So now I have to ask: how to incorporate brightness/dimming/gamma,

So now I have to ask: how to incorporate brightness/dimming/gamma, whatever you want to call it. For example: I’d like to run my strings at full power during the day so that they can be seen, however in the dark of night, they don’t need to be, so I’d like to dim them. Now I can hard code it of course, either set a channel to full 255 or lower to say 50. But there has to be a way to incorporate a calculation that can do this (based off of an RTC for example.) Furthermore, the channels won’t always be at 255. Let’s say you’re running a scrolling rainbow pattern, they won’t be 255 the whole time. One channel will fade down while the other fades up.

So, I’m sure there’s a way to do this so I won’t ask that dumb question. But I will ask, does anyone know of a mathematical way to apply a brightness value to the channel’s output? So that rather than saying array[px].r = xxx, you’d say array[px].r = . ‘brightness’ could be a value between 0 to 255, or also an arbitrary level of say 1 through 10.

Pointers to code are welcome. Oh, and I’m working with FastSPI2 by the way …

Patience :). The next preview release will incorporate an extra parameter to show which is a 0-255 scaling factor for that mind of brightness control :).

There’s some things I’m still shaking out and parts of the interface are in flux - but email me (danielgarcia at gmail) of you are impatient.

Also, this scaling comes at almost no CPU cost to you (except for bitbang’d spi, where there is about a 5% hit to max bandwidth.

When running multiple strings with one of them on SPI and the rest bit-banged, it makes for a very confused AVR. :slight_smile: And I’m waiting for the next test release to fix the analog pins bug as well as the ‘same port’ bug.

By the way, my goal here is quite literally what I said. I’m using a DS3231 to turn on/off a power supply that drives my LED strings. They come up while it’s still light out and stay on all throughout the night then shut off late morning. I’m hoping to incorporate a light sensor to detect ambient light and adjust the LED brightness accordingly. :slight_smile:

You’d basically be able to do, say, an analog read off the light sensor - map that back to 0-255 and feed that right into the scaling argument for show - all the rest of your code can still do its patterns/brightnesses from 0-255 as it wishes. My plan is to use this functionality for a global brightness dimmer :slight_smile: I know someone else who uses the brightness value to do bpm-based pulsing of light effects.

I’m really happy about being able to squeeze the brightness scaling in for free. It will save me a bunch of random code all over the place in the future, and more importantly, cpu time!

I’m also starting to see how things can get a bit unwieldy when having multiple strings on the same AVR. When addressing each LED as array1[px].r, array1[px].g, and array1[px].b, repeat for array2, and array-nth, it gets a bit tedious. Time to rethink this code and figure out a better way of doing this.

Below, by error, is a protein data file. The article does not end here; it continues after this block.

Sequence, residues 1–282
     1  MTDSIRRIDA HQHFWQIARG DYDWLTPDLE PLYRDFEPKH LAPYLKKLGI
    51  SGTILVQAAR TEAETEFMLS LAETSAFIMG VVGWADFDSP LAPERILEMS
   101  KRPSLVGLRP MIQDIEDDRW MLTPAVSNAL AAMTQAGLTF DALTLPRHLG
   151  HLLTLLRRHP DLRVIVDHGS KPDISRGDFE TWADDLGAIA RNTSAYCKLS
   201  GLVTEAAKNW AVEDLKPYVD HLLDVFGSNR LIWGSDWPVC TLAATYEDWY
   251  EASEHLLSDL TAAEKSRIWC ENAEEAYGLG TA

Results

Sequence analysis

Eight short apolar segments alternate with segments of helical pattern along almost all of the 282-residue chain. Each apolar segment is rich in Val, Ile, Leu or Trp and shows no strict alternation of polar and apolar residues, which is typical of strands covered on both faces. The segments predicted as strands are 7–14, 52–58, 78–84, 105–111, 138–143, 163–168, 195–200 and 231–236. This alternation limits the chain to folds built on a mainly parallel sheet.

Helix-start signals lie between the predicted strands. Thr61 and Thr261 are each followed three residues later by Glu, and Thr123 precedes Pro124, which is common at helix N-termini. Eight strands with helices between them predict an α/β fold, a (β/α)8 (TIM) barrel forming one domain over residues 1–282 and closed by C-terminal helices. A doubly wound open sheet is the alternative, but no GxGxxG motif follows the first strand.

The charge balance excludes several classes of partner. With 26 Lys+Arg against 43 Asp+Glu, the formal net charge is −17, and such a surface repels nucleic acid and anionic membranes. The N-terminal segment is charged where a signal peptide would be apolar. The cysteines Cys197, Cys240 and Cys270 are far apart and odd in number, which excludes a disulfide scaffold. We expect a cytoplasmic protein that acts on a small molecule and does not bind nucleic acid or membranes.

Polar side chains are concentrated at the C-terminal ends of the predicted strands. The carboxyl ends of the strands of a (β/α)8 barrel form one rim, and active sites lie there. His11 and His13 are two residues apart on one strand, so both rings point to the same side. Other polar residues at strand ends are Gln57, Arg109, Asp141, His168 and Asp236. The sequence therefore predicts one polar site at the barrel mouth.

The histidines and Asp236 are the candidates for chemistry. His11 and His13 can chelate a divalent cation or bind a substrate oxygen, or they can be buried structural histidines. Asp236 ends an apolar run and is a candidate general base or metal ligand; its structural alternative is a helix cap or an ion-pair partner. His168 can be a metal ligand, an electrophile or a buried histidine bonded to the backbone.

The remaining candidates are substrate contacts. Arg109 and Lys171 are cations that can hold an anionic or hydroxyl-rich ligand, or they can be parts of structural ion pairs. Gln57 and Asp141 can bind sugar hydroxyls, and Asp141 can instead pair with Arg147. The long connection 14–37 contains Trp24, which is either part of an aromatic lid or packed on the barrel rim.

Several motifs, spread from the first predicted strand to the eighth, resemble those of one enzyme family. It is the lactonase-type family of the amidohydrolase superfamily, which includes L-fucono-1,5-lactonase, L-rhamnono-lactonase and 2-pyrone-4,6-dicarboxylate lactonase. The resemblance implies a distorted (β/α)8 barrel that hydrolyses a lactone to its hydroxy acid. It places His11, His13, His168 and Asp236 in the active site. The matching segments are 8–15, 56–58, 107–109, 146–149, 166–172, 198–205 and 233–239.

Take for example the following routine:
// snow flakes
void snowFlake() {
if (flakePause > 0) {
if (millis() - lastRun > ((flakeCnt > 0) ? flakeSpeed : flakePause)) {
pushString(0); // falling
leds1[NUM_LEDS - 1].r = flakeColor;
leds1[NUM_LEDS - 1].g = flakeColor;
leds1[NUM_LEDS - 1].b = flakeColor;
LED1.showRGB((byte*)leds1, NUM_LEDS);
lastRun = millis();
flakeColor >>= 1;
// make sure the last of the trail reached the bottom
// on a flake value of 255, that’s an 8 pixels long tail
if (flakeCnt > ((NUM_LEDS - 1) + 8)) {
// flake reached bottom
flakeCnt = 0;
flakeColor = random(20, 256);
flakePause = random(250, 1000);
flakeSpeed = random(15, 51);
} else {
flakePause = random(500, 3000);
flakeSpeed = random(15, 51);
flakeColor = random(20, 256);

That runs great one a single string. The flakes fall at random intervals, random speed, and random brightness. However, expanding that to run across say four strings, each one separate from each other, things get hairy.

There’s a couple ways you can do this. One is that you can use one led array for all the arrays - and work with that in this code, then when you call show you can pass in an offset to the led array (e.g. leds + 25 or some such) which will shift where things get started (offset will eventually be an actual parameter to the function - also I’m working on a global controller where you map segments of an array of leds to controller(s) and then just call show with no arguments (other than maybe brightness) and it does the mapping for you - keep things simpler if possible (you will still, of course, have direct control).

Another possibility would be to have snowFlake take the array and the number of leds to work with in as parameters. Of course, if you want flakeCnt, flakeSpeed/Pause to be different for each of the strips, then you should start thinking about making a class - where you can have multiple instances, one for each strip of leds that you’re working with.

Once the library settles down and I get a chance to get some movement on some projects of my own, I have a higher level led and animation library that I use to organize things that I want to clean up and publish. (It defines generic things like patterns which can be given arbitrary segments of led arrays to work with, and handles making sure all the patterns get called and rendered, etc…)

What about something like, leds[x][px].r, leds[x][px].g, and leds[x][px].b, where ‘x’ is 0-nth representing each individual string (being leds[0] would refer to the first string, leds[1] the second, leds[nth] the nth +1 string? And while I’m at it, rather than having a separate line for each of .r, .g, and .b, is there a different, or perhaps better way of setting the three values in the array?

You could also do an array of arrays easily enough. As for accessing r, g, and b separately - honestly it’s not something I do often, but that’s mostly because I work in HSV and then translate to rgb at the last minute. That said, we’re going to be putting a definition for both RGB and HSV data types in the library and this is what the rgb def currently looks like: